Carrageenan's function as a food additive relates to its large molecular weight (200,000–800,000 Da) and tight binding to food protein, but also influences carrageenan's fate as it passes through the GI tract. Oral feeding studies with laboratory animals indicate dietary carrageenan is excreted quantitatively  and is not accumulated in body organs such as the liver or colon; studies disagree with respect to whether it triggers gastrointestinal tract inflammation or contributes to tumor promotion. Long-term oral feeding studies found no adverse effects on male or female infant baboons reared from birth to 112 days of age on infant formula containing carrageenan at 5-times the concentration typically present in human infant formula as their only diet, but did observe histopathologic changes in rhesus monkey colon after drinking solution containing 1% undegraded carrageenan. Similarly, while no adverse effects were observed for multi-generations of rats fed up to 5% dietary carrageenan, or on hamsters and rats fed for a lifetime diets containing up to 5% carrageenan, administration of carrageenan to rodents in drinking water has resulted in some observations of GI-tract effects. Tight binding of carrageenan to ingested food proteins is considered less available than in drinking water for interaction with the absorptive cells of the GI tract, although some studies have linked food-grade carrageenan to gastrointestinal disease in laboratory animals, including ulcerative colitis-like disease, intestinal lesions, and ulcerations.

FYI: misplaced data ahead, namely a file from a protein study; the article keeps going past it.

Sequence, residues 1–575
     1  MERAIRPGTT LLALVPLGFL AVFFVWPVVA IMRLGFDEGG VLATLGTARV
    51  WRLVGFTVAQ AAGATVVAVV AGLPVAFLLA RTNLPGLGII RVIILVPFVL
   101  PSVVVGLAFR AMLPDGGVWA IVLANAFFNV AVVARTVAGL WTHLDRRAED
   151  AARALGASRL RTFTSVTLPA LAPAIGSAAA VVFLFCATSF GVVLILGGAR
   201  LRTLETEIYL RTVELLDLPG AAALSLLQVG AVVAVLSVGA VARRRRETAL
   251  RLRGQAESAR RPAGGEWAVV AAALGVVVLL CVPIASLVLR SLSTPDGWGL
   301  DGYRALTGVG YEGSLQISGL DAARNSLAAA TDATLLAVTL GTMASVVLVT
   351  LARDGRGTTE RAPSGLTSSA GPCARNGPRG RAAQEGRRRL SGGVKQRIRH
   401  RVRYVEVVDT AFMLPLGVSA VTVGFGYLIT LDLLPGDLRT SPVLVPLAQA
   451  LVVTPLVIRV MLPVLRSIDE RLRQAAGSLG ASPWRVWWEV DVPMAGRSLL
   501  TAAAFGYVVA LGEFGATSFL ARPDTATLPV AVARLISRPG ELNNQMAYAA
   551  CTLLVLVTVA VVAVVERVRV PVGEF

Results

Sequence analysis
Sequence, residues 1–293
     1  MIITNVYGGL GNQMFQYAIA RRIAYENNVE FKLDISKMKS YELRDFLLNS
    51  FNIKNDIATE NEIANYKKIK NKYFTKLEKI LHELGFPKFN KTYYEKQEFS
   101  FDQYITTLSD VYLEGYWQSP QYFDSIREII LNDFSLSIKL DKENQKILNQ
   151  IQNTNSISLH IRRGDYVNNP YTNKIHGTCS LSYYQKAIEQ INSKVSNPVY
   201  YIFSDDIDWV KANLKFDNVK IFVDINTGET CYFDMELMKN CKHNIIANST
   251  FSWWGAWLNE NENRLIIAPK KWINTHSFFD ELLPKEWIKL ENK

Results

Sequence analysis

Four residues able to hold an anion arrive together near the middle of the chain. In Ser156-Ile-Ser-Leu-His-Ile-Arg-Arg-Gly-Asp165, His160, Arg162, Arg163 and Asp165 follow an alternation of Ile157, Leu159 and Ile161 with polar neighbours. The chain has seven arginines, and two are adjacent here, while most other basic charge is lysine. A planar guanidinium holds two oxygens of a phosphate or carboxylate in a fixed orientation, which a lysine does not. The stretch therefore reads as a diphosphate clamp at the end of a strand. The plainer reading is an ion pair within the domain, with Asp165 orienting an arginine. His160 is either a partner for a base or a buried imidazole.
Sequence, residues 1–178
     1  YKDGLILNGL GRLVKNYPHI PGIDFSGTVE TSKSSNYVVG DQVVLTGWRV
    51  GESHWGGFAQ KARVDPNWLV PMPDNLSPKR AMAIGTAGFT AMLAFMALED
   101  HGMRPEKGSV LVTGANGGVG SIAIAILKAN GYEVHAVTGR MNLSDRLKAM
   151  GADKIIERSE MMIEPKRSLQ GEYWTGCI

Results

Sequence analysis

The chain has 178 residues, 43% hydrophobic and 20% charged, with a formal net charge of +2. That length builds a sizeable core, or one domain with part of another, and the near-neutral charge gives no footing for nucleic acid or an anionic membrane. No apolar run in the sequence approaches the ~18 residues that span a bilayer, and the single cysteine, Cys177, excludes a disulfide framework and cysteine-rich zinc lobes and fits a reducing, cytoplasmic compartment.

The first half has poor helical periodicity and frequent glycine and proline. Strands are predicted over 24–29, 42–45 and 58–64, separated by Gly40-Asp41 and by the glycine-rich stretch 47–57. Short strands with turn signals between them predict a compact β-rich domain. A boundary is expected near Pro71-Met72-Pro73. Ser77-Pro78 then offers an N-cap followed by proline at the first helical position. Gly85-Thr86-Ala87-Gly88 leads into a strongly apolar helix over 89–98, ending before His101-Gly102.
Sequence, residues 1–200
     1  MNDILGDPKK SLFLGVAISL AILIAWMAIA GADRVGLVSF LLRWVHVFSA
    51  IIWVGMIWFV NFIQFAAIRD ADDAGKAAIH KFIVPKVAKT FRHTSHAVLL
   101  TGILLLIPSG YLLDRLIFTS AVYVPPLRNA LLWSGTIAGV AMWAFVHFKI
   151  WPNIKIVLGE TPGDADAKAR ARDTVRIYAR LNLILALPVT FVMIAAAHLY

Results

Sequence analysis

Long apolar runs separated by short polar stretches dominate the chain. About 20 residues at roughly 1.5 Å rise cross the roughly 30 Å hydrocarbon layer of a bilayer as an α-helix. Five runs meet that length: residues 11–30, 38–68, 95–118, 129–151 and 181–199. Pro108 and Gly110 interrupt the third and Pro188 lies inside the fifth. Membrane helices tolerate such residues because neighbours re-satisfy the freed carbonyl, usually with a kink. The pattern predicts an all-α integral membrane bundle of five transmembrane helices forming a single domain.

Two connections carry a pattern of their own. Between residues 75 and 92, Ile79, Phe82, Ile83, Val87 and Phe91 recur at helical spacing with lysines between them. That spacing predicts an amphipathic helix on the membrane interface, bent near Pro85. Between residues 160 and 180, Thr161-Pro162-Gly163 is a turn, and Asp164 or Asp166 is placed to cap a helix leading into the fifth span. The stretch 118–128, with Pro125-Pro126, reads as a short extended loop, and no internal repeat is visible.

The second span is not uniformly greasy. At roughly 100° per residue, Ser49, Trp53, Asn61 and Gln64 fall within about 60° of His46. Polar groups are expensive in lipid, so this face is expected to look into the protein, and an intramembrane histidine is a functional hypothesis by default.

Carrageenan is inert to hydrolysis by intestinal enzymes in both humans and monogastric animals. Many older studies and a few recent studies have been based on the use of "degraded carrageenan," a fraction of low-molecular weight segments of the carrageenan molecular backbone called "poligeenan." To resolve this within the scientific community, the U.S. Adopted Names Council assigned the name "poligeenan" to the fragments with molecular weight of 10,000 to 20,000 Da. Approximately 8% of the fragments of food-grade carrageenan are of molecular mass less than 50,000 Da, in excess of the recommended minimum of 5% set by the European Scientific Committee on Food to ensure that the presence of poligeenan is kept to a minimum. The proportion of this 8% that consists of poligeenan is unknown.